An issue that is often raised on the FBomb, both in posts and comments, is the feminist stereotype – an annoying pain in our collective asses. The stereotype that I’ve most often come across as a teenage feminist is the shallow, frustrating, “Feminists are ugly, hairy, man-haters.” I’ve lost track of how many times during encounters with my male and female peers alike I’ve been told, “But you don’t look like a feminist.” (Like this time, for example.) Apparently because I shower on a regular basis and don’t look like I’m missing a chromosome, it’s impossible to fathom that I believe in equality. Seriously, just don’t even get me started.
But while this stereotype is annoying, and in a way detrimental to the feminist movement as a whole, there …
Feminism | Posted by Liz P on 02/1/2011
This Is What a Feminist Looks Like
In the first meeting of my Gender Theory class my professor asked the class if we were feminists. I think all but one hand (out of 8 students) was raised. I experienced a brief moment of shock and pleasure – shock because this was the first time I’d been in a room (other than meetings of the Feminist Majority Leadership Alliance, of course) where almost everyone identified as a feminist, and pleased because I was surrounded by so many feminists.
Now you might be wondering who that lone not-feminist was. After all, he/she was sitting in a Gender Theory class! And I might have been thinking that too if this were my first year in college. But after taking intro levels and GenEd women’s studies classes, I know that being …
Feminism | Posted by Bre K on 12/14/2010
Eliminating Gender Expectations Starting with the Dorms
“So how is your Women Gender Studies Class? Have you stopped shaving your legs yet?” smiles and bickers a “fellow” male hall-mate of mine as he takes a seat on the couches in our dorm lounge. Oh boy, time to deal with sexist jerks that actually make me want to pretend I am a man-hating feminist stereotype. Since one guy in my dorm found out I was in Women Gender Studies 101, I’m now suddenly responsible for representing all the feminist women out there. But wait, there’s more. Signing up for this class also automatically comes free with the constant taunting and degrading comments from him and a flurry of conformists in the dorms.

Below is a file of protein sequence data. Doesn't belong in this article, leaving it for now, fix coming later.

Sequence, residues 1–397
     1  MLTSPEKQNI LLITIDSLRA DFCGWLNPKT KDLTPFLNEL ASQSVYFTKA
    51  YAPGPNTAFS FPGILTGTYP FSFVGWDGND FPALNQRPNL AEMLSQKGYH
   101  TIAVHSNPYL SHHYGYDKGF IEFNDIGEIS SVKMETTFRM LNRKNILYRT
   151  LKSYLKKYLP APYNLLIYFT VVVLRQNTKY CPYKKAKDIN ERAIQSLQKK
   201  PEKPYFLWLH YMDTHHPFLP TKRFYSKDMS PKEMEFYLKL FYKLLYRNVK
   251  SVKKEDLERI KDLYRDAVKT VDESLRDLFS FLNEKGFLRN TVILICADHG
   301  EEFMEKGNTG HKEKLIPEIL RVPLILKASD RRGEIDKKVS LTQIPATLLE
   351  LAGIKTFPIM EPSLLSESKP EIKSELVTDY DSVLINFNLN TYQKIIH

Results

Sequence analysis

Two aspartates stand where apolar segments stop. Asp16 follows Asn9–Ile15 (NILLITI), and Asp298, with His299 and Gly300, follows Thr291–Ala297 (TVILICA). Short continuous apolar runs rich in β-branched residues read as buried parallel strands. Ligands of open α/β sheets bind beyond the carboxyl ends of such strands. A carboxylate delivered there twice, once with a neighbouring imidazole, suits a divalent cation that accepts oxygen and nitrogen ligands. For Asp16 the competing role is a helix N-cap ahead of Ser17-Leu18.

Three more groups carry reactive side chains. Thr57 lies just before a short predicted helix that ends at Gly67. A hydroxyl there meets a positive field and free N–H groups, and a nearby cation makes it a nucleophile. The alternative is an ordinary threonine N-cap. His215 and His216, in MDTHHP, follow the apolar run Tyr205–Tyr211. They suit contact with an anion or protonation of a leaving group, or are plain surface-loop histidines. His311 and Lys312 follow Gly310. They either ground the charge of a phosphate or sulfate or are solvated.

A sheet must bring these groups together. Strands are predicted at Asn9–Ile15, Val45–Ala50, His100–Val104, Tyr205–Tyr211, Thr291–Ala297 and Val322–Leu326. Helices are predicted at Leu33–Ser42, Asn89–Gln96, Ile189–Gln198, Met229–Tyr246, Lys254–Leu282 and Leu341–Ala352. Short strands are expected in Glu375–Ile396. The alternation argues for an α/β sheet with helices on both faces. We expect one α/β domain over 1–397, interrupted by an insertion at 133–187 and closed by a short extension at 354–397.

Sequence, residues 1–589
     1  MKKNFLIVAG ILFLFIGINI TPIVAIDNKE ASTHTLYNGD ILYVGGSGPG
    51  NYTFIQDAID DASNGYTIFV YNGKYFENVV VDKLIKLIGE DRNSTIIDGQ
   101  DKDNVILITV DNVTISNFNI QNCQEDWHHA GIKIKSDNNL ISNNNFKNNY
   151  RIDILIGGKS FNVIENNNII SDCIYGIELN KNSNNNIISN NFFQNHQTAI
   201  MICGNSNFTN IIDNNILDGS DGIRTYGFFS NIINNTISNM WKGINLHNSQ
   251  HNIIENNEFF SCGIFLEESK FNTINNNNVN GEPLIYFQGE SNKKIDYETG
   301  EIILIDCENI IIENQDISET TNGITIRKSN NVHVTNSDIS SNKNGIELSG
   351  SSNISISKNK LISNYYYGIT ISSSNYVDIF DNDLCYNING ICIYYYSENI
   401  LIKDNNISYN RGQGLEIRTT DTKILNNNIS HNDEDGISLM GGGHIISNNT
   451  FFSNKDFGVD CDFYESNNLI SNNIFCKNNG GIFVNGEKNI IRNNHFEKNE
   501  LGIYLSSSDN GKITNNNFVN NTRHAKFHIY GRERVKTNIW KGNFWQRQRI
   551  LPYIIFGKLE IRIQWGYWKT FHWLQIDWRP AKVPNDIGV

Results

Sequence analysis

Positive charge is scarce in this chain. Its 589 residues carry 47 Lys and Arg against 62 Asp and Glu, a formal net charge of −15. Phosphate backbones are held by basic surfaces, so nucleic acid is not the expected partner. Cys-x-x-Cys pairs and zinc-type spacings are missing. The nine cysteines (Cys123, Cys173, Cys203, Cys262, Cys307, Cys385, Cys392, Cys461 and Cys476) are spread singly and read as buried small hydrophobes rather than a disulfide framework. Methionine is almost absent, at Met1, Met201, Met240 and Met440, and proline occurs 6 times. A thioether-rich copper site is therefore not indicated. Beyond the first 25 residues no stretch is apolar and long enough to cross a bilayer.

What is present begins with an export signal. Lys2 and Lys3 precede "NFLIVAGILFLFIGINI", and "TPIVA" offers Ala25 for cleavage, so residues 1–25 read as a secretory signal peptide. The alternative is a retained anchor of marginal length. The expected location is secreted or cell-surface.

“So do you hate men?” Snickers one of the three guys. Somehow every time one of the …
Feminism | Posted by Brian C on 12/8/2010
Just Because Berry Is In The Name…
Does anyone else enjoy partaking in the outlandish factoids of Snapple caps? I recently got a fact that stated that a banana is technically a berry and strawberries are not even berries. I will repeat this, because it bears reiteration. A banana (the yellow things you have to peel) is a berry whereas a strawberry (red fruit of deliciousness with BERRY in the name) is not a berry. So I had an initial shock and a moment of muddled thoughts. Society has played this trick a number of times on me throughout my life. Koala BEARS and panda BEARS are not even bears. Furthermore I concluded that this type of poor labeling by society is why I fight for gender equality.
To me, equality is a condition worth fighting for …